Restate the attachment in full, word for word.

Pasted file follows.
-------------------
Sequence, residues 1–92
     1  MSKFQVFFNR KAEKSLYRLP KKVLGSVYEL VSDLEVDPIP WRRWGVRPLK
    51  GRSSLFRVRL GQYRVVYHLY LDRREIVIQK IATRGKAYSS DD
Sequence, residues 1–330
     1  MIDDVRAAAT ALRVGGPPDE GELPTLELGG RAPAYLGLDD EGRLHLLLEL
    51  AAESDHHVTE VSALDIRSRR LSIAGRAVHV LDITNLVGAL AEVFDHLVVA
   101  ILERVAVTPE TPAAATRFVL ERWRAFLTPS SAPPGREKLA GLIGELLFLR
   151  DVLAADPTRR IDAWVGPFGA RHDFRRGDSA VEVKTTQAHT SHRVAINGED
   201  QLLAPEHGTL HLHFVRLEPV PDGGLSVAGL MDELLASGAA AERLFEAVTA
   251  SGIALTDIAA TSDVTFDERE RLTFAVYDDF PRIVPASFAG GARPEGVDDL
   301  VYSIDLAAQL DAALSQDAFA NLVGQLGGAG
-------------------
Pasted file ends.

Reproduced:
Sequence, residues 1–92
     1  MSKFQVFFNR KAEKSLYRLP KKVLGSVYEL VSDLEVDPIP WRRWGVRPLK
    51  GRSSLFRVRL GQYRVVYHLY LDRREIVIQK IATRGKAYSS DD
Sequence, residues 1–330
     1  MIDDVRAAAT ALRVGGPPDE GELPTLELGG RAPAYLGLDD EGRLHLLLEL
    51  AAESDHHVTE VSALDIRSRR LSIAGRAVHV LDITNLVGAL AEVFDHLVVA
   101  ILERVAVTPE TPAAATRFVL ERWRAFLTPS SAPPGREKLA GLIGELLFLR
   151  DVLAADPTRR IDAWVGPFGA RHDFRRGDSA VEVKTTQAHT SHRVAINGED
   201  QLLAPEHGTL HLHFVRLEPV PDGGLSVAGL MDELLASGAA AERLFEAVTA
   251  SGIALTDIAA TSDVTFDERE RLTFAVYDDF PRIVPASFAG GARPEGVDDL
   301  VYSIDLAAQL DAALSQDAFA NLVGQLGGAG